Keeping a mental list of activities to suggest when the kids start to get fidgety is a great start to a fun road trip. Let your kids amuse themselves as long as they can/do before starting to pull tricks out of your bag. Kids these age are so varied – some with travel contentedly for days, humoring themselves, while others need some help keeping their minds occupied. And so much of the journey depends on the surrounding of your travels – miles through country with lots of roadside attractions/animals needs little entertainment – while driving I- through Nevada may just use up an extensive list of ideas to keep them occupied! 🙂
Breaks: Probably the most important tool that you will need to utilize while traveling with preschoolers is the ‘pit stop’ – not just for potty breaks (but do NOT forget that each time you stop!), but to get out and stretch their legs for 10 or 15 minutes. If your preschooler is active, this is a great time to hold a mini P.E. class with laps around the picnic table, jumping jacks, or just a wiggle dance. And try to find something interesting about your stop, like chasing lizards in the desert where there is nothing else around, or stopping for a snack at an interesting rest area. Try to plan extra time for random, last second stops – just for when you see something that would be fun to check out like that big cow statue tourist-trap along side the road or a beautiful little waterfall (don’t forget to take pics!). Then encourage them to hit-the-road again to see what other great stops you are going to find!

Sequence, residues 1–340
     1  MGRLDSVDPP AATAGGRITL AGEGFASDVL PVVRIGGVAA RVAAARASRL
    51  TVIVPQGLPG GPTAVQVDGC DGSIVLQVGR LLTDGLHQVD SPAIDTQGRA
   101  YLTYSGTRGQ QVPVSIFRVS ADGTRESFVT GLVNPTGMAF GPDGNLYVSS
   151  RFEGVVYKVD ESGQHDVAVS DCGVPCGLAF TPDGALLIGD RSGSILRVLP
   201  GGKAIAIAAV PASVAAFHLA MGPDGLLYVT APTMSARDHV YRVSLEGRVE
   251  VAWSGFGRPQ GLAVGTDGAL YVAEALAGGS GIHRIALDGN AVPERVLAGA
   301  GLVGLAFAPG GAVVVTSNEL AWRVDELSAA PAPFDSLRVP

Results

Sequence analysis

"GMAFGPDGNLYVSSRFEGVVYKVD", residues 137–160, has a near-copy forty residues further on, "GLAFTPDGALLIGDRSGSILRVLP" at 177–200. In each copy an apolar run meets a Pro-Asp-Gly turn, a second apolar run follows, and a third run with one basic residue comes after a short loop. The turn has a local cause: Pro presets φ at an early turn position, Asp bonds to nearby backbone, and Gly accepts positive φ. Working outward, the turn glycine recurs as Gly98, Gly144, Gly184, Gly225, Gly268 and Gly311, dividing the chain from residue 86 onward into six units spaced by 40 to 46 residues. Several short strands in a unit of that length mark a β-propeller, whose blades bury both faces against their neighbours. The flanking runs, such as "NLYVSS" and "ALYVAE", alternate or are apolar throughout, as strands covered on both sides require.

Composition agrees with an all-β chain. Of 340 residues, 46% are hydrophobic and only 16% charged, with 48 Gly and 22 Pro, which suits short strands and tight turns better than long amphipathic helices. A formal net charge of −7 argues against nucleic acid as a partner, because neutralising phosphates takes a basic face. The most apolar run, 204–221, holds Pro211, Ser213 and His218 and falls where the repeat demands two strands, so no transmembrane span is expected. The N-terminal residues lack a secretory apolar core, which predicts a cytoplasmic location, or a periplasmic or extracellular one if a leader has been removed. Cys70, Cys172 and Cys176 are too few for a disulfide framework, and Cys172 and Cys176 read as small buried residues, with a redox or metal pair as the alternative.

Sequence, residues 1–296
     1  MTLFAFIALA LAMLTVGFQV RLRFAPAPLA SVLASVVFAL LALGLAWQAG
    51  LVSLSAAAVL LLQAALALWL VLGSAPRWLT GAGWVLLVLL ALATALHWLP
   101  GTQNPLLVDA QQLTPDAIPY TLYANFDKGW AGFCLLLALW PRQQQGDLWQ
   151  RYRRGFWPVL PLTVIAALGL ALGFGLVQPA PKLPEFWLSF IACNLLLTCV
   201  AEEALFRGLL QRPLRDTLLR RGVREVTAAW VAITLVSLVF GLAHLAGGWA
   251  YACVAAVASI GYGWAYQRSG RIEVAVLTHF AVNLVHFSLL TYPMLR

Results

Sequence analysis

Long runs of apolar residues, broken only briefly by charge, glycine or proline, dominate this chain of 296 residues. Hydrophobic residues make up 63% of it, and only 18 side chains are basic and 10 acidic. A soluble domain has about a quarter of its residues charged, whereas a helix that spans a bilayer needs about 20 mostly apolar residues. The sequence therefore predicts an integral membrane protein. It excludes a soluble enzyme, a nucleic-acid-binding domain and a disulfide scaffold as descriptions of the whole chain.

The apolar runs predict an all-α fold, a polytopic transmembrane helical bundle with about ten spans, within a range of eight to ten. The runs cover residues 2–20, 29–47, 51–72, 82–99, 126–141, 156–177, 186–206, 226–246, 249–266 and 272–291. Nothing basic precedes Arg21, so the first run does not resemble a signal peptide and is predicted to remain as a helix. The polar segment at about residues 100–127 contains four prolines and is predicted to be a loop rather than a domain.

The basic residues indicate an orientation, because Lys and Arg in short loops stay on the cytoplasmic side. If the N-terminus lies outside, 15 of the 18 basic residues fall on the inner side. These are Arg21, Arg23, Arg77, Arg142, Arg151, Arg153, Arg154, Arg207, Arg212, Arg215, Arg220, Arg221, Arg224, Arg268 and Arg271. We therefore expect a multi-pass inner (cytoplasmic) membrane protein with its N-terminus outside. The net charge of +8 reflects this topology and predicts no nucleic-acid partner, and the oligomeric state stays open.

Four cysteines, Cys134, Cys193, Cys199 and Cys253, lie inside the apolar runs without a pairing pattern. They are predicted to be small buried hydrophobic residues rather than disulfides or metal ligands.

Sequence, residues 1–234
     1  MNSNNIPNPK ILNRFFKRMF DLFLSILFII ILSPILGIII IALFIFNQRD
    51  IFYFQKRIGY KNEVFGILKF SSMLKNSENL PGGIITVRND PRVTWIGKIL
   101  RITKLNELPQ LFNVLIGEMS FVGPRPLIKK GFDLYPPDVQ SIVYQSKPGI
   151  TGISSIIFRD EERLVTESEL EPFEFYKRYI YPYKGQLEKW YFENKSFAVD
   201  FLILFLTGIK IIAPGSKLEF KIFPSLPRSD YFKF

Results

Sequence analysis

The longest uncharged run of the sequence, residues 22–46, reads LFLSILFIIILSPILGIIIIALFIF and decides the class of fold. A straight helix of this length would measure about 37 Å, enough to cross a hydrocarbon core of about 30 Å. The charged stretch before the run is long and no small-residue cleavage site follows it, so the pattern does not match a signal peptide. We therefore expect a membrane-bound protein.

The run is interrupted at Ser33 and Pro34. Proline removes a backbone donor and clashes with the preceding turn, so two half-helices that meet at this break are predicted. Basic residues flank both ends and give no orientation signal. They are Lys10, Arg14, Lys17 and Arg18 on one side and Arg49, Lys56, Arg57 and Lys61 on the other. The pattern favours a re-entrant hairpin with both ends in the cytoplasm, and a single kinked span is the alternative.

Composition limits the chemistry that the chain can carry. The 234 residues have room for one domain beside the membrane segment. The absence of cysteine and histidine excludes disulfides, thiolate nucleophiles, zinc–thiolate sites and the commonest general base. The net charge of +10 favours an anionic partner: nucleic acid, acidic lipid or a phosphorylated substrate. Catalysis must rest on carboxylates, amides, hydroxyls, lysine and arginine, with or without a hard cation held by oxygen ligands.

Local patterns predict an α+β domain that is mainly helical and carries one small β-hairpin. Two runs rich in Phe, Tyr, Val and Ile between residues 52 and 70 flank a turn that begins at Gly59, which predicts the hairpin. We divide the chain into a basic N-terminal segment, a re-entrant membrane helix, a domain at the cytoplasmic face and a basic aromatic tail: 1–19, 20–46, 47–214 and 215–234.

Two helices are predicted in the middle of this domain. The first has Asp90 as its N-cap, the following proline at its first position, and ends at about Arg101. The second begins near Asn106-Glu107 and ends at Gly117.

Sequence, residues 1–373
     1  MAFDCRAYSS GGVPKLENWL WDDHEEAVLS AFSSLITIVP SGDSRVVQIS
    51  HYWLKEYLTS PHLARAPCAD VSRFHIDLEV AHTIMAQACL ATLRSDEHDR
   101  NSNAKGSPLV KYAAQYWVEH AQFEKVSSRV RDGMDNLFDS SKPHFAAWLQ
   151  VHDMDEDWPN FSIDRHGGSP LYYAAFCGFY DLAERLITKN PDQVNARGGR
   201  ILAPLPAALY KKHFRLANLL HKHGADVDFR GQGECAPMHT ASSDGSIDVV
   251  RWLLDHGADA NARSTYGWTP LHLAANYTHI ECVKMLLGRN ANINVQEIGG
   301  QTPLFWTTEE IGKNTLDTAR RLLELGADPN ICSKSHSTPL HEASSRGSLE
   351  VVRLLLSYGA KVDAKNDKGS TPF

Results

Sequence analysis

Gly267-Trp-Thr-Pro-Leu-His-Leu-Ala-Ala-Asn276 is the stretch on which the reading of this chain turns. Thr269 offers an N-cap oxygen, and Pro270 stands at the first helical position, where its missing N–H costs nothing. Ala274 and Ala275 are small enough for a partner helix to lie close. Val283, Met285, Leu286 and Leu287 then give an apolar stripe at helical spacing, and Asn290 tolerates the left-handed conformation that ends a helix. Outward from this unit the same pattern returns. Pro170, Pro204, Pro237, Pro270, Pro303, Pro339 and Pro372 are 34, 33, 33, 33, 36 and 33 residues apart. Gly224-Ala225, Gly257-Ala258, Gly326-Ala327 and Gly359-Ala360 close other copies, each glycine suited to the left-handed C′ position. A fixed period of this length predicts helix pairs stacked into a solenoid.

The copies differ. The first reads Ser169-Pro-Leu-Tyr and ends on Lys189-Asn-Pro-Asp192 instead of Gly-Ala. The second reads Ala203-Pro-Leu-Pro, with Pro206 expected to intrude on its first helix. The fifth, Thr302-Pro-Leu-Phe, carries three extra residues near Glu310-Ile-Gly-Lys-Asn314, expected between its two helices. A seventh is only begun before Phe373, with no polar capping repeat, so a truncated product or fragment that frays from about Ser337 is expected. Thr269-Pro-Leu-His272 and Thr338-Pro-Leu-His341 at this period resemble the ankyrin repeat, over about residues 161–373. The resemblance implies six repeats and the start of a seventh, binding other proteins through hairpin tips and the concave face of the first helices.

The destination is not the only great part about a road trip or vacation with a preschooler; with a little effort, getting there may just be the best time!